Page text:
Vulnerabilities Highlighted... Vetting? Why do we need that? - Granite Grok

Vulnerabilities Highlighted… Vetting? Why do we need that?

Sanctuary – Nation – Law – Society

Federal authorities in Arizona have arrested two refugees from Africa. Their offense is conspiring to provide material support to ISIS. In both cases the conspiring terrorists entered the United States legally. They both came under an Obama era program.

The program welcomed and offered residency to hundreds of thousands of people. The majority came from Muslim countries notorious for terrorist activity. In both instances the terrorists settled in Tucson, about 70 miles north of the Mexican border. The incidents call into question the vetting process used with these immigrants or its failure.

Somali refugees support ISIS

In the most recent case FBI agents arrested two Somali men. They arrested 21-year-old Ahmed Mahad Mohamed and 20-year-old Abdi Yemani Hussein. During an undercover probe the men “repeatedly demonstrated their allegiance and support for ISIS.” That information comes from an FBI affidavit in support of a criminal complaint.

Mohamed and Hussein also discussed their desire and plans to join ISIS overseas. Both men purchased airline tickets from Tucson to Cairo, Egypt. The affidavit includes online and personal communications. The suspects and undercover agents exchanged communications. In those communications the young men were expressing their plan to behead non-believers of Islam like animals.

What these refugees though we need…

“The best wakeup call is Islamic State to get victory or another 911,” according to one of Mohamed’s emails with an undercover agent.

Hussein wrote that he wanted to blow up the White House and Tucson if anyone tries to stop him. Both men disclosed that they strived to be the most wanted terrorists in the world. Mohamed and Hussein lived in the U.S. legally. They entered as refugees from Somalia, according to the FBI document.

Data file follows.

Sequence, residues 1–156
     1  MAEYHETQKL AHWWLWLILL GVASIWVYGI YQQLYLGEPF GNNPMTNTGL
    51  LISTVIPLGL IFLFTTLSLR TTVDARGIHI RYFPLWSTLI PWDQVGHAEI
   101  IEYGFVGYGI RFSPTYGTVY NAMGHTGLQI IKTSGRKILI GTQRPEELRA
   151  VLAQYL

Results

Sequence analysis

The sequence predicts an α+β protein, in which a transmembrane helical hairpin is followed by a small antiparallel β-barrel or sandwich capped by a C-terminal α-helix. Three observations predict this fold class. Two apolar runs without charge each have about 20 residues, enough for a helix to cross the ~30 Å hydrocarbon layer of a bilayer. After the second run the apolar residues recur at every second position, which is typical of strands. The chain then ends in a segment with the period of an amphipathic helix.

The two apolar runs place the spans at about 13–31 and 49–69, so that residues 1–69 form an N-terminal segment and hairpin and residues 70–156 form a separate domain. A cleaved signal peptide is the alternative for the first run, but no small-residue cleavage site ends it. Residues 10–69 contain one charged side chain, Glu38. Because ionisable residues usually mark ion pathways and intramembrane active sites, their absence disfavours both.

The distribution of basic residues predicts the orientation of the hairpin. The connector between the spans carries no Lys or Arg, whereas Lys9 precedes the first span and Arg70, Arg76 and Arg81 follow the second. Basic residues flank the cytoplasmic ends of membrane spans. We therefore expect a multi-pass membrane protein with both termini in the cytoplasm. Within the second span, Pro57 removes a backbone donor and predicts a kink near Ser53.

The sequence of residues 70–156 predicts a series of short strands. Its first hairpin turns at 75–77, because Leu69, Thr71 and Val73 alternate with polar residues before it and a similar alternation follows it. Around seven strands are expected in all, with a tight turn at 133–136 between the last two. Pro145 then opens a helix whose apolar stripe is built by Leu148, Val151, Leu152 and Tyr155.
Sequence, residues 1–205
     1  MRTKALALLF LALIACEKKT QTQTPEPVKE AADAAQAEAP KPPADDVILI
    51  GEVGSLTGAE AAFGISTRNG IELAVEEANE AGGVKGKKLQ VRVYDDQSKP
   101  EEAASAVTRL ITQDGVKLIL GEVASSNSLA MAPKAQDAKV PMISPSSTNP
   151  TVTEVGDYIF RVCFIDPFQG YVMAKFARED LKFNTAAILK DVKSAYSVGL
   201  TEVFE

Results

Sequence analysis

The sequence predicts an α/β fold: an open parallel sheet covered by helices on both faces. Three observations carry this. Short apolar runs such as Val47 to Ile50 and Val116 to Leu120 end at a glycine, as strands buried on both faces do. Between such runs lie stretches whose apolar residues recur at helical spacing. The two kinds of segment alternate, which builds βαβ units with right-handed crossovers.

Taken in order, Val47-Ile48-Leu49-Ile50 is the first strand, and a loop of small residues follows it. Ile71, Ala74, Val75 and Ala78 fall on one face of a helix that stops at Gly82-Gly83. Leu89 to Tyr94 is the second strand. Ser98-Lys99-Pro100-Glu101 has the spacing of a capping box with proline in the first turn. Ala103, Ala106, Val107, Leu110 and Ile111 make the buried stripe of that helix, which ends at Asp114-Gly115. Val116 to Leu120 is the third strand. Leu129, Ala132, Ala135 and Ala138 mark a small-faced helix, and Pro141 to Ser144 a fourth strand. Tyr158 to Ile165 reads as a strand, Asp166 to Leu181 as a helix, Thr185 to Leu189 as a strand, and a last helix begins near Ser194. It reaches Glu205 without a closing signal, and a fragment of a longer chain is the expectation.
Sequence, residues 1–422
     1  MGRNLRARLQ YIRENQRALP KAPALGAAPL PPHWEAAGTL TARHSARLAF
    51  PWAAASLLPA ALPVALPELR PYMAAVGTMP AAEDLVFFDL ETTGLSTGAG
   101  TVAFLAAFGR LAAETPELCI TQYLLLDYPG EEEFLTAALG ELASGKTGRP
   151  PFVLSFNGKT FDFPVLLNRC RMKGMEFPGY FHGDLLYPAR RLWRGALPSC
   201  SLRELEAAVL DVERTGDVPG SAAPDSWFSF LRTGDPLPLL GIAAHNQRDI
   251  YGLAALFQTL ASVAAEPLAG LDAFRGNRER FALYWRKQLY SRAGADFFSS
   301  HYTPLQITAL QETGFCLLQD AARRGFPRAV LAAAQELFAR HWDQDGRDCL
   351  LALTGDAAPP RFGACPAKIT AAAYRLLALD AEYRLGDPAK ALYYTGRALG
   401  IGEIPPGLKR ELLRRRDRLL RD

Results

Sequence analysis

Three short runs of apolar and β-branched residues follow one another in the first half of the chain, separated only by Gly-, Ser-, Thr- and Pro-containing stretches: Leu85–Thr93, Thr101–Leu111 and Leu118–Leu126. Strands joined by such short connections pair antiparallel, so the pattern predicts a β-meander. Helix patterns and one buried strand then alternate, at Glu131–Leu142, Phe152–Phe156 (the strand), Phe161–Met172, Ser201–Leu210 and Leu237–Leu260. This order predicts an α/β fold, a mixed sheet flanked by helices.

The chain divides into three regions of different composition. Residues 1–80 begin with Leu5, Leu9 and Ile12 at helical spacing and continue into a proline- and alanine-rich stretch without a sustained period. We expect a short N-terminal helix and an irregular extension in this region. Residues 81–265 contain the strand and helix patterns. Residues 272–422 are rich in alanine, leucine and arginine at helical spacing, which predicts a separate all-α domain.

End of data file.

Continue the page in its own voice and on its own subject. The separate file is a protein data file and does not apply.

“At the time of their arrest, Mohamed had obtained lawful permanent resident status and Hussein remained a refugee,” according to a Justice Department statement.

Plan “B”

Plan “B” for Mohamed and Hussein was to conduct an attack within the United States if travel was impossible. The pair wanted to travel to Sinai, an Egyptian peninsula, to join ISIS. That area borders Israel and the Gaza Strip. The State Department warns against travel to the region due to terrorism.

“The Sinai Peninsula remains a particularly dangerous area, with frequent attacks on security forces and civilians,” the agency writes in its warning to American citizens.

Planned travel to the area by two African young men welcomed as refugees by the U.S. caught the attention of federal authorities.

Not an isolated case

In a similar case out of Tucson last fall, an Ethiopian man discovered to be a terrorist. He lied to the government about his identity. The man, Mohamed Abdirahman Osman, and his wife, Zeinab Abdirahman Mohamed, lived in Tucson. America invited them into the country as refugees in 2014.

Less than a year ago a grand jury indicted the couple. The charges: making false statements to a government agency and lying. They lied about the husband’s ties to the militant Somali group Al-Shabaab. Osman used a fake Somalian passport to get to the U.S. That is according to the 11-count indictment.

The indictment charged the husband with eight crimes and the wife with three. Her crimes were for helping him conceal his true identity. Osman and his wife fled to China. There they applied for refugee status with a U.S. Citizenship and Immigration Services (USCIS) officer using an alias.

Documents submitted by the couple contained “false, fictitious, and fraudulent statements,” according to the indictment. There are gaping vulnerabilities in the refugee program.